The EU: Turkey’s rusty anchor
Daron Acemoğlu, Turkey’s best shot at the Nobel Economics Prize, and Murat Üçer, who knows the Turkish economy better than anyone else, published the paper, “The ups and downs of Turkish growth, 2002-2015: Political Dynamics, the European Union and the Institutional Slide,” on Oct. 5.
This story is largely accurate but also incomplete. Harvard’s Dani Rodrik has shown that Turkey did not grow more than its developing country peers even during the boom years. Like many others, it benefited from a very favorable external environment. Rodrik also argues that the AKP “simply gave Turkey’s traditional macroeconomic populism a modern makeover by relying more on foreign capital markets and by boosting private expenditures.”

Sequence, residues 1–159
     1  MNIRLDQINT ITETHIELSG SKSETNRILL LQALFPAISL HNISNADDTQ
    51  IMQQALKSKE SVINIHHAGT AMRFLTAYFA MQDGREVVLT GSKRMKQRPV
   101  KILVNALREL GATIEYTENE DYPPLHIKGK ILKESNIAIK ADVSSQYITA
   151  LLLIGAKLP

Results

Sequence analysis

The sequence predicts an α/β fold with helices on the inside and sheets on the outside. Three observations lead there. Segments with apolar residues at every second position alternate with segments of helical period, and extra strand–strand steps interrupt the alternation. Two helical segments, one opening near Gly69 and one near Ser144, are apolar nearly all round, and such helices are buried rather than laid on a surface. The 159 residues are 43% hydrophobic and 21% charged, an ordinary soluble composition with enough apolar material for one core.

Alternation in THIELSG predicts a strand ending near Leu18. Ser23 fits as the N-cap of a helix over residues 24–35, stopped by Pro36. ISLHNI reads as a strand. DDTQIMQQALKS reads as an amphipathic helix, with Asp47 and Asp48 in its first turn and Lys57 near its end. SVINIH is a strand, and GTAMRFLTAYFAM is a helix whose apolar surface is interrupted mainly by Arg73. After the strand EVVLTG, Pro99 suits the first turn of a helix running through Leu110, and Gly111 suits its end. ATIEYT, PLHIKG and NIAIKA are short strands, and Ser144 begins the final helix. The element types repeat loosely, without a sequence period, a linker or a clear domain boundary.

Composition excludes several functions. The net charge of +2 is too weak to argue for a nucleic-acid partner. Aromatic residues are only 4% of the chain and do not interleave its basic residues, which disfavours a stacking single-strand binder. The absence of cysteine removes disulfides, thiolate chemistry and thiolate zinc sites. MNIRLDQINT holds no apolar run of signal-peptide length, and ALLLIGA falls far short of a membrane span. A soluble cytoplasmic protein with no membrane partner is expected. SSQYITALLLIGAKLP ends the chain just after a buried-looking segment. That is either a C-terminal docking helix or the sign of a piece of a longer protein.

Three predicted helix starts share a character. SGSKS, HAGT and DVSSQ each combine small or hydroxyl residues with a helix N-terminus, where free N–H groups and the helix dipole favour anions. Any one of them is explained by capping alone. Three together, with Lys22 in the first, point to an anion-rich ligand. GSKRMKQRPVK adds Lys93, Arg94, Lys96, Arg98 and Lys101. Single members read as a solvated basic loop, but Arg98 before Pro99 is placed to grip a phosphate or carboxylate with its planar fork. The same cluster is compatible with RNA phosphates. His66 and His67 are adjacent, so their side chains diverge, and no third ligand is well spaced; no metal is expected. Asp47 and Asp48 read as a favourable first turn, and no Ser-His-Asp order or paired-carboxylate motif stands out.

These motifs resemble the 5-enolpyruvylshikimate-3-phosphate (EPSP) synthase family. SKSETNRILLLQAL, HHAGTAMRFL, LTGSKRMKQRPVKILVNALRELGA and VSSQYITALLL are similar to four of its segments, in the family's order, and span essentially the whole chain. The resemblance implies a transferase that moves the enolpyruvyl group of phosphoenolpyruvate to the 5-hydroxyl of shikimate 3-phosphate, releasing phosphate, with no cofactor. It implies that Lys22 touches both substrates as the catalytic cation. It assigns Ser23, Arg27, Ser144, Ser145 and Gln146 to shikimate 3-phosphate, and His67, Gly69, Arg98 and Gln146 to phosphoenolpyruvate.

In any case, we should not expect much from a rusty anchor. There were reports, only hours after Acemoğlu and Üçer’s paper was published, that the EU was softening its criticism of Erdoğan on democracy, judicial independence, press freedom and free speech to stem the flow of immigrants. Even though the two economists’ arguments are sound, their timing is unfortunate.